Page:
Carol Light’s contributions to arts and culture in Georgetown were recognized Nov. 8, 2016 in a proclamation at a City Council meeting that acknowledged her career and lifetime of service to the arts.
Mayor Dale Ross remarked on Light’s contribution as an artist at the meeting. “Carol Light is a very talented artist and a wonderful representative for Georgetown’s strong arts community. She has helped to build the art community here over the decades through her teaching and encouragement of other artists, and she has enriched life in Georgetown by sharing the inspiring body of work she has created in her 45+ years in Georgetown as a professional artist. She is a person who inspires creativity and joy through the arts,” said Mayor Ross.
In 2015, Light was selected as one of just a handful of local artists commissioned to create artwork to be exhibited in the Sheraton Georgetown Hotel and Conference Center, which opened in July. Light collaborated with Sue Bishop Spahn on a 14-foot-long painting called “Grazing the Fault” that hangs now behind the reception desk in the upscale hotel. (See page B1 of the July 31, 2016 Williamson County Sun for a profile and a picture of “Grazing the Fault.”)
Light’s art has been exhibited internationally, and has won awards in a number of juried shows. Her work was carried by Spicewood Gallery and Design Studio in Austin, and by Hill Design + Gallery in Georgetown. She works primarily in watercolor and mixed media.
Light, 86, says, “I am still making art, mostly mixed media lately. I work on paper and canvas, and I love handmade papers and collage. It’s so much fun to be in the creative process—it’s a different world. It transports you like books and reading do, but putting color down on paper is a special joy for me.”
Light is a third-generation floral designer who worked as a young woman in Austin for the family business, Belding Flowers, which served the needs of customers like Lyndon Baines Johnson and John Connally. She worked as a floral designer until 1976. When asked how she was first inspired to take up art, she said, “We were not taught much art in high school, but my parents owned the retail flower shop in the Driskill Hotel in Austin, and you learn a lot of design in the floral industry.”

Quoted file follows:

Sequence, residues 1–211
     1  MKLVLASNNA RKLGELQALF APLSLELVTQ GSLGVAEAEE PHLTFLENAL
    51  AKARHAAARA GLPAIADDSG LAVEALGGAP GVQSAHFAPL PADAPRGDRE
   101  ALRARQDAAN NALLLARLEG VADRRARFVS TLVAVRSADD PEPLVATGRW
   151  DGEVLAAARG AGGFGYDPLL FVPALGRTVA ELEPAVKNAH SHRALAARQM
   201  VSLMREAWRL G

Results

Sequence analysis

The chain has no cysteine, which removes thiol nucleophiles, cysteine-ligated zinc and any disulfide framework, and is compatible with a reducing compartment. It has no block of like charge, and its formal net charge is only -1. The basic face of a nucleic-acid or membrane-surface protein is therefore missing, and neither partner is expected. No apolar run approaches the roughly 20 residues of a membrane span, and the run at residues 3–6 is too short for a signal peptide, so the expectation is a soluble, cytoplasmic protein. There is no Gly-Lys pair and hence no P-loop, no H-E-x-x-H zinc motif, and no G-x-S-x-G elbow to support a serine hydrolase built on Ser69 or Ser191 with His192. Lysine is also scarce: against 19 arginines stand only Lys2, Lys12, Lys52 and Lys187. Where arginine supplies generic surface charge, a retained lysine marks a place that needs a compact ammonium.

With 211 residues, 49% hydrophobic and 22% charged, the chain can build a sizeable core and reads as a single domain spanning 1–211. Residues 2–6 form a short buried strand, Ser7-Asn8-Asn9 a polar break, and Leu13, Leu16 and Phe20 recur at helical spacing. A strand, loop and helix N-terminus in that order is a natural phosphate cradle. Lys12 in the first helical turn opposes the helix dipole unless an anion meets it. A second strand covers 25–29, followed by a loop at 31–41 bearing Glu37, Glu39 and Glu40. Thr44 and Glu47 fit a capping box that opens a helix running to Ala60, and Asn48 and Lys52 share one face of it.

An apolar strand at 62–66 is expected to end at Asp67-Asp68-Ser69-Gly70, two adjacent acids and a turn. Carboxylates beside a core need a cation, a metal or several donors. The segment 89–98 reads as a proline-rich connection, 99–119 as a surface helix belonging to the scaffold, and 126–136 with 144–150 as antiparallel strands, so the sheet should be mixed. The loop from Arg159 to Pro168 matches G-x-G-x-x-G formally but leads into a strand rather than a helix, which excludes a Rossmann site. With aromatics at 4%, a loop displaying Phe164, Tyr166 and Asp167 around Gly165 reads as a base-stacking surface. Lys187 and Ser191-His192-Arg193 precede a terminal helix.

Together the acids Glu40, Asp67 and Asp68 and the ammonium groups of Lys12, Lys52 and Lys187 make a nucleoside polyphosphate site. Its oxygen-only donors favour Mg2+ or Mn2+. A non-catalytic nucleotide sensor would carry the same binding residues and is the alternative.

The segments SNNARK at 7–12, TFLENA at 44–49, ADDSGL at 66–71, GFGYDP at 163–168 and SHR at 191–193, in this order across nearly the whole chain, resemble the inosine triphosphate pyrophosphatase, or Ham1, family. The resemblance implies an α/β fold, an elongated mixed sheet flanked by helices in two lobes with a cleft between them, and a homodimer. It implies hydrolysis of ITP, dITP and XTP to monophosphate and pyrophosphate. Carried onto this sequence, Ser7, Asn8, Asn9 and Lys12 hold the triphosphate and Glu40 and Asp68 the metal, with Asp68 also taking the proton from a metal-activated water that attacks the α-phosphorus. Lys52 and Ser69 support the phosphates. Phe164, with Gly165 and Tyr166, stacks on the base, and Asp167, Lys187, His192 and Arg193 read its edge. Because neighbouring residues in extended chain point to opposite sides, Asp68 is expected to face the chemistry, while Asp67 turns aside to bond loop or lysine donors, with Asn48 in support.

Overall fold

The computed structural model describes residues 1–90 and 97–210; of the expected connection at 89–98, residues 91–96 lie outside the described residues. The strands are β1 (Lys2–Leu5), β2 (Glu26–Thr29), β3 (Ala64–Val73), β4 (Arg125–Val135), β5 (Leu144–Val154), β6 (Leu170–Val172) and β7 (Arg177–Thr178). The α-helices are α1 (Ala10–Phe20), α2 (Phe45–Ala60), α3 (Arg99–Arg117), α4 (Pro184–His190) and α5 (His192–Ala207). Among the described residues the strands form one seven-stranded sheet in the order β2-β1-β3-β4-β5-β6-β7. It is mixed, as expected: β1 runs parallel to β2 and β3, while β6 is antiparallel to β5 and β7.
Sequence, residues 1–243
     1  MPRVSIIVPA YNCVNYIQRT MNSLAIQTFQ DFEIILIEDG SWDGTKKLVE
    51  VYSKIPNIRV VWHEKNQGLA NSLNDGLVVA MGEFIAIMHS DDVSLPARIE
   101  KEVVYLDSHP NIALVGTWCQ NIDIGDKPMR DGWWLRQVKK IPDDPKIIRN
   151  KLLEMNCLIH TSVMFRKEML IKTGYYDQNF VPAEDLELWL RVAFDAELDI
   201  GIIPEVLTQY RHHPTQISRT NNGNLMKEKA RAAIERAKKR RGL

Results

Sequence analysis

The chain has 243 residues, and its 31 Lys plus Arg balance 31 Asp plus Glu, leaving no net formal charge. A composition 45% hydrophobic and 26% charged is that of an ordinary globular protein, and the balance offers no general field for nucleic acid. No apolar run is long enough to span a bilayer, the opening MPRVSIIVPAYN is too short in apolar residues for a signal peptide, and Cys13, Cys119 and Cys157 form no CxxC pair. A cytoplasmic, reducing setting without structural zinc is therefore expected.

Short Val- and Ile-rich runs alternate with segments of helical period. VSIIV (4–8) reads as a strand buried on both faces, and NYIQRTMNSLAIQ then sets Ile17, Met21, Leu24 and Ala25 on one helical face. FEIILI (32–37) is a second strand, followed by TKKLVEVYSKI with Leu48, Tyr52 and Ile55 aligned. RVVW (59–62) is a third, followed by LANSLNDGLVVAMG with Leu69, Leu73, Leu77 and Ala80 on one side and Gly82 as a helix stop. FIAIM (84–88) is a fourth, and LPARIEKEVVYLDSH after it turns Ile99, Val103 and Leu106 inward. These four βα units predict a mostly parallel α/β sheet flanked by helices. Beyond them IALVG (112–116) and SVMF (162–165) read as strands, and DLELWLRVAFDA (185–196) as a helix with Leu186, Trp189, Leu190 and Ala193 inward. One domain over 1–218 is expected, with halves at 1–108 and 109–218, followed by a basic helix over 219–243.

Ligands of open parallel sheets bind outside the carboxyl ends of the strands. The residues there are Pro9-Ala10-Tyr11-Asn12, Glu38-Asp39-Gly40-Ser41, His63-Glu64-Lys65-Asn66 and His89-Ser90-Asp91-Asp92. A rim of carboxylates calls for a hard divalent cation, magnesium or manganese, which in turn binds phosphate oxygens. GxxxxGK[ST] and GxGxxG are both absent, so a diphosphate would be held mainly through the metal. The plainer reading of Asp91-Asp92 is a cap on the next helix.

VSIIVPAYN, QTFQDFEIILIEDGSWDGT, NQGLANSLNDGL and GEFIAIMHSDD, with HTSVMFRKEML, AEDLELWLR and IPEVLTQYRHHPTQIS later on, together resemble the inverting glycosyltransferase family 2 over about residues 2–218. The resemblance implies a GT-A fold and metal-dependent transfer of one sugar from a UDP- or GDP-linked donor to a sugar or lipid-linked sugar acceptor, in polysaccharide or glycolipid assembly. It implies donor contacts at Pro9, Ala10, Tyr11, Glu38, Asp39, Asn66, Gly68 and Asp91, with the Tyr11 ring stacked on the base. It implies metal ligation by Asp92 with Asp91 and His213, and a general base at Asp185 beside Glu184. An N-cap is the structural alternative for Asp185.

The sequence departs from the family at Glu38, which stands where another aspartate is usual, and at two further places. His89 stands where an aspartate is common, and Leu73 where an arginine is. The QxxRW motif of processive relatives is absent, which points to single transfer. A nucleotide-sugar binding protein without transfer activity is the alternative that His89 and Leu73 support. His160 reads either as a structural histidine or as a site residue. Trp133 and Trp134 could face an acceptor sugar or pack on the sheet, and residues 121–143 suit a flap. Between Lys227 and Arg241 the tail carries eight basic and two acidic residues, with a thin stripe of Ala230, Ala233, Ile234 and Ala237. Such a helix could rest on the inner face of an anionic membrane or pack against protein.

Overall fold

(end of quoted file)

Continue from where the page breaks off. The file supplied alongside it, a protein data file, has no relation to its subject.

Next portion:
In addition to that on-the-job training, Light attended Tarleton College in Stephenville, Texas and also The University of Texas at Austin. She left college in order to study art more intensively, and she took summer courses at Louisiana Tech University in Rustin, Louisiana.
Light and her husband and sons moved to Georgetown in 1969, into a house she still occupies. She works in a studio on the property that was rebuilt from the remains of a barn with a sweeping view of the countryside.
In 1980, she became an art instructor and she continued to teach art until 1996. “Most artists,” she said, “have to supplement their income. Artists are trying to say something in a nonverbal way….while you are practicing and working on those creative goals, you have to support yourself, so I took up teaching—then I found out what a joy it was. I ended up travelling and teaching all over the state. It was so inspiring to teach other artists and see them develop.”
In June, her farm was the site for a “Curated Picnic” for creatives organized by Light with graphic designer and artist Nick Ramos, owner of Georgetown graphic design firm Graphismo. Ramos says, “Carol is a pioneer, an inspiration, a true guiding light. The never-ending desire to learn keeps her young. She has mentored endless numbers of artists, citizens, and children in our community. She was there at the beginning of the Williamson County Art Guild. Her words, kindness, talent, and smile are a source of energy that will inspire anyone that crosses her path.”
In addition to her teaching, Light has worked in other ways to foster local creativity. She has a history of involvement in local arts groups, having served as president of the Williamson County Art Guild and judging art exhibits, as well, including the 2012 Art Hop, a statewide competitive exhibit hosted by the Georgetown Art Center.